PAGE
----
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Defence Research Network

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Monthly Members' Newsletter

It is not Halloween month without a fright, so this month we've been discussing ethics... 

For new friends, welcome! We are an interdisciplinary network of Masters, PhD and Early Career Researchers focused on defence, security and military topics in relation to policy, strategy, history, culture and society. We hope you find our network interesting, exciting, informative and supportive.

For old friends, thanks for your continued involvement. We would be nothing without you! This October, we've been discussing all things ethics, we've got an interactive game to help you answer those tricky questions, we're picking the brains of some leaders in field, and we're wondering how close we really are to Captain America? Should we be worried or excited?


Scroll down to get up to date with the news, opinions, and events from our members...

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If you are looking for a fright this Halloween, look no further than a MODREC application form. As I write this, I am two days away from submitting my ethics application, an extensive 16 page document for which I have laboriously trailed through file upon file of GDPR rules, simulated the risks for every possible scenario, and had more than a few sleepless nights. The prospect of receiving an unfavourable decision fills me with more dread than any potential monsters under the bed. COVID-19 has undoubtedly made this process even more of a minefield for PGR students, who are tasked with proving methodological rigour while entangled within a situation of which none of us have any control. How long is it until Christmas?

But, to give it its due, this process has done its job in making me reflect on the upmost importance of giving this tricky topic some attention. Particularly in the field of defence and security, questions of ethics are paramount to ensuring that our research and actions are safe and secure, proportionate and just. When we work in this space, we have a responsibility not just to our research participants, but also to the academic and policy communities we are contributing to, to conduct research which is ethically conscious.

The 'real' world is giving us ample reason to hold these ethical principles in high regard. While some of us want to meet Captai
n America (hello Chris Evans), others, it seems, are in the process of making him. Current developments in gene editing and artificial intelligence are indicative of a refreshed revolution of military affairs, one which provides both exciting opportunities for the future of military activity, and a whole new set of measures against which ethics panels must judge. These are areas that require as much scrutiny as they do innovation, and I know that many of you in our community are engaged in brilliant work tackling these important questions.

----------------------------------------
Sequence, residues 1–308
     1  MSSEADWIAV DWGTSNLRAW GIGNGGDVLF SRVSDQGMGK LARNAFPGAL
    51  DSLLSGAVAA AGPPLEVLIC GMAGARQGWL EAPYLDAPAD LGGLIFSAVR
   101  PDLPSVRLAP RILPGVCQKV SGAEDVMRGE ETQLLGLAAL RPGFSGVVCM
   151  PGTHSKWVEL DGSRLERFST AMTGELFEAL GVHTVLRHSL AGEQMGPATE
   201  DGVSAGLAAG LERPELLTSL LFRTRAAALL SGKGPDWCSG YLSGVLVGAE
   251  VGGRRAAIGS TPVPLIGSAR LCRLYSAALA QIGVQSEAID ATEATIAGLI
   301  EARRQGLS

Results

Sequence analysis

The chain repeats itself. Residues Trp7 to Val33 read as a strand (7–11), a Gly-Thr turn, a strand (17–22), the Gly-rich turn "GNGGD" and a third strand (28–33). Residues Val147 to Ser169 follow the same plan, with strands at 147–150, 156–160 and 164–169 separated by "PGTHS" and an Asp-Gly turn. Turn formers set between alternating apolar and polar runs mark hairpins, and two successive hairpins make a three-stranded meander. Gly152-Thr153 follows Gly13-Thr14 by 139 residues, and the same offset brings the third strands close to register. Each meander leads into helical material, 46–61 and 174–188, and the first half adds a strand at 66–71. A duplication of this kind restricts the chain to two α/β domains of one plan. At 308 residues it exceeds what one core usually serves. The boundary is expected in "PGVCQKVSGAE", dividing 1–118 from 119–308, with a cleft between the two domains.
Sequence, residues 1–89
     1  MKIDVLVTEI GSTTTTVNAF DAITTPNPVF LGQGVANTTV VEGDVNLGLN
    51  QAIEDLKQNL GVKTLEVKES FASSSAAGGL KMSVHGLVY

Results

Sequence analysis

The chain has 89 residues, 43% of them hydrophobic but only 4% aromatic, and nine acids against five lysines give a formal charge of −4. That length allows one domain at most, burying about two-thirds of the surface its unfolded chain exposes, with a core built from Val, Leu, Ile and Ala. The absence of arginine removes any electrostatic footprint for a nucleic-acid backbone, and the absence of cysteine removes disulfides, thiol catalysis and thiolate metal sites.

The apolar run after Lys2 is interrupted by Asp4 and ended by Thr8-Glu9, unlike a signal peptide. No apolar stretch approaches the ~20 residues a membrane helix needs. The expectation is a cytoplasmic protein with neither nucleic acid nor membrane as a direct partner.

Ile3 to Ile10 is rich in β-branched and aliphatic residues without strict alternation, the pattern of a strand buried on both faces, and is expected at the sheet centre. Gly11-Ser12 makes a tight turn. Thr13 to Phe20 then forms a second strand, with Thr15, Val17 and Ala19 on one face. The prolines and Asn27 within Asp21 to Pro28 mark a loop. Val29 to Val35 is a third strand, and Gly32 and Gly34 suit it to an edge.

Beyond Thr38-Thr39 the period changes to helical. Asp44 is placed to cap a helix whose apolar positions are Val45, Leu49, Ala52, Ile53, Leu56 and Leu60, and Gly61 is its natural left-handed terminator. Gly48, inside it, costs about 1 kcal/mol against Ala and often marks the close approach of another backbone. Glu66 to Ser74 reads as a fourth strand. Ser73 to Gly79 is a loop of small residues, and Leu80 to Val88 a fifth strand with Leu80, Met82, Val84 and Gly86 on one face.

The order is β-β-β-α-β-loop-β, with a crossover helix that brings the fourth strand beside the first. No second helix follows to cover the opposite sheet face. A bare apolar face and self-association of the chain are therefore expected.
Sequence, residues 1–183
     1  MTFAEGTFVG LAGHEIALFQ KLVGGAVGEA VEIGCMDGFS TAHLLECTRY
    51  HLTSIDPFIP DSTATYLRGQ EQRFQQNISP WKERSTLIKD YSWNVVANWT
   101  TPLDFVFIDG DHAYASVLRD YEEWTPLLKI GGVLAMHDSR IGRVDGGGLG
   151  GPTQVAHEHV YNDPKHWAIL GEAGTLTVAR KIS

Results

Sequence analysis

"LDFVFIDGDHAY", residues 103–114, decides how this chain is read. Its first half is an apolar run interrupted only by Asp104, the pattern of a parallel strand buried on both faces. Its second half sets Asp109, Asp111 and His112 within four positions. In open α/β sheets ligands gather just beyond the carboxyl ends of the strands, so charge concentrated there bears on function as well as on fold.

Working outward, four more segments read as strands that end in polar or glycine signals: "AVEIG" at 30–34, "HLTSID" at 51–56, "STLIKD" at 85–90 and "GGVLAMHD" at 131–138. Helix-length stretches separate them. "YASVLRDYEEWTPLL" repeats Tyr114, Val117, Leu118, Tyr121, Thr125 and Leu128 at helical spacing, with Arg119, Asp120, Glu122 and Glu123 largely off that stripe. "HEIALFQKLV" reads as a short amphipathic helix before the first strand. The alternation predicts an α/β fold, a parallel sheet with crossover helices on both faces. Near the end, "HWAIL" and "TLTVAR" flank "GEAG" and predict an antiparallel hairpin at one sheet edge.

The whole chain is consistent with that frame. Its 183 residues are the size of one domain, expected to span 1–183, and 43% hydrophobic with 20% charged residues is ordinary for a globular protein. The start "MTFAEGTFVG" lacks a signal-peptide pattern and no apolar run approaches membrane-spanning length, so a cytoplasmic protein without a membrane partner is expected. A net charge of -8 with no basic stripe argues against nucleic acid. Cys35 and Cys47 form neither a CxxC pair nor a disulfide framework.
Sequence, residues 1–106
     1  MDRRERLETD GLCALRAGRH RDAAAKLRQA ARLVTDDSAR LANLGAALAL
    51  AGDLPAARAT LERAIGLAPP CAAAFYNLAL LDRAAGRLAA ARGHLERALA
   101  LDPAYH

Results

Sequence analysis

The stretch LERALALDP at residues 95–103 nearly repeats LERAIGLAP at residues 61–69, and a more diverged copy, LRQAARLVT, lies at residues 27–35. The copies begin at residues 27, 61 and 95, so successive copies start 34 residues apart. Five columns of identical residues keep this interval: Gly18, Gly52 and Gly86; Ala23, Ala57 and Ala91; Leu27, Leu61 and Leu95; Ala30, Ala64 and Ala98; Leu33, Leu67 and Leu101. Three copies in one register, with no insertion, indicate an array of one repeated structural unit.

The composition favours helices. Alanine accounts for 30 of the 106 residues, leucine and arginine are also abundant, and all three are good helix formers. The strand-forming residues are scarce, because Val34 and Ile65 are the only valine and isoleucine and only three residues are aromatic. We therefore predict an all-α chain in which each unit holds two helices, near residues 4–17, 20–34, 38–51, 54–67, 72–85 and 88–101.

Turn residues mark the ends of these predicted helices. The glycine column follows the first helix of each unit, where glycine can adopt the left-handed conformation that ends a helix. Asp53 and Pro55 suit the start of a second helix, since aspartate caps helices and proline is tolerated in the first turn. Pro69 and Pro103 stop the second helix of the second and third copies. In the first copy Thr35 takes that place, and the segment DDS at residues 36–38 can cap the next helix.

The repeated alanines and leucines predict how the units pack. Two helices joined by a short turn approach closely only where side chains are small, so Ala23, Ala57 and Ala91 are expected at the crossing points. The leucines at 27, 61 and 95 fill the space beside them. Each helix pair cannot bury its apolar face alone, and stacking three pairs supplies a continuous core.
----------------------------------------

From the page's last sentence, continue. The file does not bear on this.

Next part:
Ethical principles in warfare are both a practical necessity and a source of academic interest in themselves. Just look at the work of our good friends at the Centre for Military Ethics, whose interactive approach to teaching is at the forefront of military education globally. We wholeheartedly believe that bringing academics and practitioners together to discuss these concepts is the most effective way of generating knowledge driven by ethical considerations, and holding those who disagree to account. Thus, despite - and potentially because of - these long days of ethics application editing, I am energized by our community to face this fear head on.

As always, we wish you a happy and healthy month! 

The DRN team
In the News... 
SPOTLIGHT: Ethics in Military Artificial Intelligence.
There's no turning back on AI in the military.
In a world of 5G and cloud-to-edge AI, the military applications of emerging technologies could revolutionise modern and future warfare, however ethical questions remain. How can AI be harnessed safely and effectively? How will AI intersect with current notions of conflict ethics? 
The US DoD has recently published a set of AI ethical principles, and is now tackling the challenge of institutionalising these principles across US missions. The DoD has acknowledged the need to ensure all AI capabilities are used in a lawful and ethical manner. 

Is the US leading the way for the ethical application of AI across warfighting, C2, logistics and maintenance?
King's Centre for Military Ethics 
Whatever your research area and whatever stage you are in the ethics process, we really think you should know about the King's College London Centre for Military Ethics' playing cards.